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How To Make Your Internship Sound The Best On Your Resume

Your daily commutes, brown bag lunches and early mornings will soon be a thing of the past. Right after you send your supervisor a thank-you note and bid your internship ado, remember to add your experience to your resume. Since you just spent a whole summer working hard, you’ll want to make sure your internship stands out. Open up that Word document because Her Campus has the tips you’ll need for maximizing your internship experience on your resume, straight from the career counselors.
 
Make a list
Before you make any changes to your resume, type or jot down a list of everything you did while you were at your internship. Ideally you kept track during your internship, but if you didn’t, do it now while your experience is fresh in your mind. If you don’t get around to adding your internship until September, at least you won’t be racking your brain trying to think of everything you did.
 
Begin a new entry
Since your internship is likely the most recent position you’ve held, make sure it appears at the top of all your other experience. There are two parts to each entry: the job or internship information and a bulleted list of key accomplishments and duties. Your internship information should take up one line and your bulleted list can be anywhere from 1- 4 lines depending on how much room you need. Here’s an example of what your finished entry could look like:
 
Assistant City Editor, The Daily Tar Heel, Chapel Hill, N.C.(Jan. 2009 – May 2009)

  • Edited staff articles using AP style, developed story ideas and emailed assignments to writers
  • Wrote stories, police logs, and event calendar on a daily deadline, and covered breaking news

Part I. The Position and Company Information
 
Add your title
You should have your title, company, city and state and then the dates worked all on one line. Start with your title first. Were you an intern, an editorial assistant, a sales associate or something else?
 
Next put the company details
After your title, put the company, city and abbreviated state of where you worked. In general, list your position first unless you want to call attention to the name of the prominent companies where you worked, according to Quint Careers. (For example, “if you plan to enter the tourism industry, and you’ve had internships at Disney World, Sea World, and Universal Studios, you could list company names first,” explains an article from Quint Careers.)
 
Don’t explain the company or organization
Writing “XYZ Company, an environmental non-profit” in your entry takes up valuable space on your resume. You are better off explaining XYZ Company during a job or internship interview, according to Duke University’s Career Center. For example, I studied abroad in London and interned at Itchy City Media, a company not many American employers know. I get questions on job interviews about it and this gives me a chance to explain about the company and my experience.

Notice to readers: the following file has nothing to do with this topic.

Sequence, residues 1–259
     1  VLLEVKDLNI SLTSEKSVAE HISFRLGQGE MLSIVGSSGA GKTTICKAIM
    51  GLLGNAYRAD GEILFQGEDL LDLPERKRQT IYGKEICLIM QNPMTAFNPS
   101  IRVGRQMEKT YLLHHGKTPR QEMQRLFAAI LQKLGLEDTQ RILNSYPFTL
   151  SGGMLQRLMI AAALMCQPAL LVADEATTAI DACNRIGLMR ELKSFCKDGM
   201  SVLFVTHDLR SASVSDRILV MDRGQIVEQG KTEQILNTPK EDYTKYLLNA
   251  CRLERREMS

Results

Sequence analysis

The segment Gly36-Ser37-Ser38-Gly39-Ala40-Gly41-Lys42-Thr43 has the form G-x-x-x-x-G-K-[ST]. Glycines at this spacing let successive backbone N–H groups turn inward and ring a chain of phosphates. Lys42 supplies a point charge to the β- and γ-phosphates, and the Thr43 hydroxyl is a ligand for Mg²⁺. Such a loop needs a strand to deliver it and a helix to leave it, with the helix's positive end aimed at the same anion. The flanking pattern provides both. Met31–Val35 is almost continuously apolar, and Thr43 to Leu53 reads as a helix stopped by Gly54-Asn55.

Finish with the dates
On the same line as your title and company details, add the dates you worked. Decide whether to write “Summer 2010” or “May 2010 – August 2010” based on your personal preference and consistency with the rest of your resume.
 
Use clear formatting
Double-check what you just wrote to make sure it looks the same as the rest of your resume. Your resume should have consistent formatting and style. You should be making use of bold, caps and italics but don’t use too many enhancements, according to Duke University’s Career Center. If the rest of your job or internship entries take up three lines each, make sure your new internship entry doesn’t take up six lines.
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Part II. Your Duties and Accomplishments
 
Consult your list of job tasks
Gary Miller, assistant director of University Career Services at UNC-Chapel Hill, says the process of maximizing an internship on a resume usually begins with a good analysis of what roles and responsibilities were held during the experience. Miller says as you examine your projects and tasks, think about what skills were used—these are what are most “sellable” to future employers. Here’s a great website for examples of skills and a short list to get you started:

  • analyzed data             
  • promoted events            
  • organized files                       
  • conducted meetings           
  • operated equipment           
  • maintained records           
  • drafted reports                       
  • coordinated schedules           
  • negotiated conflicts                        
  • compiled statistics           
  • gathered information           
  • designed logos